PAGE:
Last edited by LateReg on Tue Nov 13, 2018 3:22 pm, edited 1 time in total.
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Re: Freddie's fight scene in part 17

Postby bowisneski » Tue Nov 13, 2018 3:22 pm

LateReg wrote:
Mr. Reindeer wrote:However, I’m not entirely certain that Lynch meant it that way, and still wonder what his intentions were in the execution. I can’t help imagining the more elaborate epic version of the scene he describes in the BTS footage (with black rain), and wonder if the ultimate execution was a budget-fueled compromise that fell short of his vision.


When I watched the BTS I never caught on that he had a much more elaborate version of the scene in mind. I've said this before when some folks criticized the scene by saying that Lynch meant the scene to be so much more than it was. I'd like a transcript of what he actually says, because I never caught on to this far more elaborate vision, and I don't know why, as I was pretty damn focused on every word he was saying. I do recall him talking about having no clue what to do while everybody is standing around, but I don't recall the actual discussion of a more elaborate vision. And I also believe that whatever that more elaborate vision was could have been executed in the editing room, had Lynch decided to stick with that vision.

I'll work on a direct transcription when I get some time to go through the bonus features again because I don't remember which segment it's from, but, from what I remember, it would've essentially been the same scene except the BOrB would've sprouted arms with which to beat the shit out of Freddie and after BOB was dispatched, there would've been some black rain in Frank's office.

As far as the scene itself, it is one of the few parts of the show that I truly don't care for. I know that this is supposed to be what was intended, but it was the only part that didn't and doesn't feel like Twin Peaks to me. And I actually like Freddie and his ridiculous glove. I enjoy his expository scene, the bar fight, and busting everyone out of jail but I wish it would've ended there and that would've been his destiny. The only thing it felt like it matched in any other moment of Peaks, for me, is Andy's Little Nicky thought bubble. I can take it for what it is, but I don't like it.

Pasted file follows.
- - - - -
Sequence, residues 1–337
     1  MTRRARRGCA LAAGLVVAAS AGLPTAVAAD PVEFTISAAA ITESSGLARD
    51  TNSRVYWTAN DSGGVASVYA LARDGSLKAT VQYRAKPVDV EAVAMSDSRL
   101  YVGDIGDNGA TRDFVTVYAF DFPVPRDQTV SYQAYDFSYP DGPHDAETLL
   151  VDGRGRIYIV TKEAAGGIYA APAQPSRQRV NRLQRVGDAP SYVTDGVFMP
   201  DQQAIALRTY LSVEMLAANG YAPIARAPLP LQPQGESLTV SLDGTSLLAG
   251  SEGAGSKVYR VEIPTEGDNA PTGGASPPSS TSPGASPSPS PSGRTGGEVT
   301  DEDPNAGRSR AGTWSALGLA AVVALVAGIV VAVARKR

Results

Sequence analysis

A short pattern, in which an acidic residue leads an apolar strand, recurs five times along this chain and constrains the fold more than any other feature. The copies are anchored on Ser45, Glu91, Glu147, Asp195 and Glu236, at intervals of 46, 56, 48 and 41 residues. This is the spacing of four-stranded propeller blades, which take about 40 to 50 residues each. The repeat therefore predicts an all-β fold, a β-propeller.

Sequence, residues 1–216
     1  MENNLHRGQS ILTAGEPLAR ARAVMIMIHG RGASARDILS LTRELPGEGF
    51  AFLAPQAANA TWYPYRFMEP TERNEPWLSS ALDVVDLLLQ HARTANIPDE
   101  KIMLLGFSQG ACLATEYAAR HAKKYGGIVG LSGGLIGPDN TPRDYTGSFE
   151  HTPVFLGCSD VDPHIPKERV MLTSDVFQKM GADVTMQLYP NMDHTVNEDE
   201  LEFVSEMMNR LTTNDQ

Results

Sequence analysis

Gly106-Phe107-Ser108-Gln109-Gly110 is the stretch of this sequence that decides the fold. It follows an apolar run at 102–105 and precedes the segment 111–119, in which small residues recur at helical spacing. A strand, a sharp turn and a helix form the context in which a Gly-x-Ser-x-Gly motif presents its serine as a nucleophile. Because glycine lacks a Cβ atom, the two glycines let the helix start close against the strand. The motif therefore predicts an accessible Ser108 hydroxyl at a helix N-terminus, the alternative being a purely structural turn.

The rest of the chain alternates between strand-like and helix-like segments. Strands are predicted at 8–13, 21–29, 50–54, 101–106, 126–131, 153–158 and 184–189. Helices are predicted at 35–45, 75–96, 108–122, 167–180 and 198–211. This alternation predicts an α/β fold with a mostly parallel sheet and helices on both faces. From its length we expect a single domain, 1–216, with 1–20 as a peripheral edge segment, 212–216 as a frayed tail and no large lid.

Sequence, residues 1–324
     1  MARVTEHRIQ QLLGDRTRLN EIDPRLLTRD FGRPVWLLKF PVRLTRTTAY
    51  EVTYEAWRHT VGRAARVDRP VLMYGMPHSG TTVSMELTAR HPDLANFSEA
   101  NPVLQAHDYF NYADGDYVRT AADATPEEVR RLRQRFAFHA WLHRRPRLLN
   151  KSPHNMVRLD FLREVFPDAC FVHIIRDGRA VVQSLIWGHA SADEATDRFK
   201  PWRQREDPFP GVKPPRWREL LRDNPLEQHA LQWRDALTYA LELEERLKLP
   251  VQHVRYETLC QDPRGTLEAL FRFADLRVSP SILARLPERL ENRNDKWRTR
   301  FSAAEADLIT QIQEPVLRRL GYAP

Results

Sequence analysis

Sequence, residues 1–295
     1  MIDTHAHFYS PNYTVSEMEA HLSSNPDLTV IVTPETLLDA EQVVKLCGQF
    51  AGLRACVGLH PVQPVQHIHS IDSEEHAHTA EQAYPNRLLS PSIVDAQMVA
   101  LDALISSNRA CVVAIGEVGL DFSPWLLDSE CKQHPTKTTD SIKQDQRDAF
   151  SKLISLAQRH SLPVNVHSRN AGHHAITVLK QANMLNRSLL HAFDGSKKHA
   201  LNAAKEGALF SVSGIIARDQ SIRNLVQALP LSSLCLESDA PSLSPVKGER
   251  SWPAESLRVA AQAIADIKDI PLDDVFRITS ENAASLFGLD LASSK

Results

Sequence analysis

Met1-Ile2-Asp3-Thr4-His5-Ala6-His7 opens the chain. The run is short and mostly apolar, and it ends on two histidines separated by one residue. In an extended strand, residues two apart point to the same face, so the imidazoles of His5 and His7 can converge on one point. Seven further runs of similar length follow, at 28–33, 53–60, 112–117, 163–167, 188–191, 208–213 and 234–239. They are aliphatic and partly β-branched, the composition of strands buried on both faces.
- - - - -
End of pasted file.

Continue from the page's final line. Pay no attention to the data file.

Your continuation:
EDIT - a quoted post from over in the Bluray thread
Trudy Chelgren wrote:The BTS insights are fascinating. When Lynch describes Freddie's fight with Bob, it sounds so much more visceral, disturbing, intimate and apocalyptic than what I experienced in Part 17. The light in Freddie's glove, "Bob distorts across the room", Bob's arms, the black rain. It sounds like it was too elaborate to carry out, which is a shame maybe. The final scene feels choppy.

http://www.dugpa.com/forum/viewtopic.php?f=29&t=3330&p=114608&hilit=black+rain#p114608
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Re: Freddie's fight scene in part 17

Postby LateReg » Tue Nov 13, 2018 3:30 pm

bowisneski wrote:
LateReg wrote:
Mr. Reindeer wrote:However, I’m not entirely certain that Lynch meant it that way, and still wonder what his intentions were in the execution. I can’t help imagining the more elaborate epic version of the scene he describes in the BTS footage (with black rain), and wonder if the ultimate execution was a budget-fueled compromise that fell short of his vision.


When I watched the BTS I never caught on that he had a much more elaborate version of the scene in mind. I've said this before when some folks criticized the scene by saying that Lynch meant the scene to be so much more than it was. I'd like a transcript of what he actually says, because I never caught on to this far more elaborate vision, and I don't know why, as I was pretty damn focused on every word he was saying. I do recall him talking about having no clue what to do while everybody is standing around, but I don't recall the actual discussion of a more elaborate vision. And I also believe that whatever that more elaborate vision was could have been executed in the editing room, had Lynch decided to stick with that vision.

I'll work on a direct transcription when I get some time to go through the bonus features again because I don't remember which segment it's from, but, from what I remember, it would've essentially been the same scene except the BOrB would've sprouted arms with which to beat the shit out of Freddie and after BOB was dispatched, there would've been some black rain in Frank's office.

As far as the scene itself, it is one of the few parts of the show that I truly don't care for. I know that this is supposed to be what was intended, but it was the only part that didn't and doesn't feel like Twin Peaks to me. And I actually like Freddie and his ridiculous glove. I enjoy his expository scene, the bar fight, and busting everyone out of jail but I wish it would've ended there and that would've been his destiny. The only thing it felt like it matched in any other moment of Peaks, for me, is Andy's Little Nicky thought bubble. I can take it for what it is, but I don't like it.


Thanks, I don't know how I didn't catch that, but if that was the extent of the discussion, then maybe I had sneezed or something!

I don't "like" the scene either, not exactly. But I love the exercise of it, especially when I'm on a certain wavelength where everything on the screen - plot, intent, theme, effects, etc. - is combining to form what I'd call the actual story. Meanwhile, I do agree and admit to feeling the same way at the moment when Freddie saved Andy that that was perhaps Freddie's destiny, and I had breathed a sigh of relief as I had bought into the idea suggested by someone on this board that Freddie would have to go around crushing some heads like the Woodsman. So, I was relieved when I thought that Freddie's destiny was a "small" thing like saving Andy's life.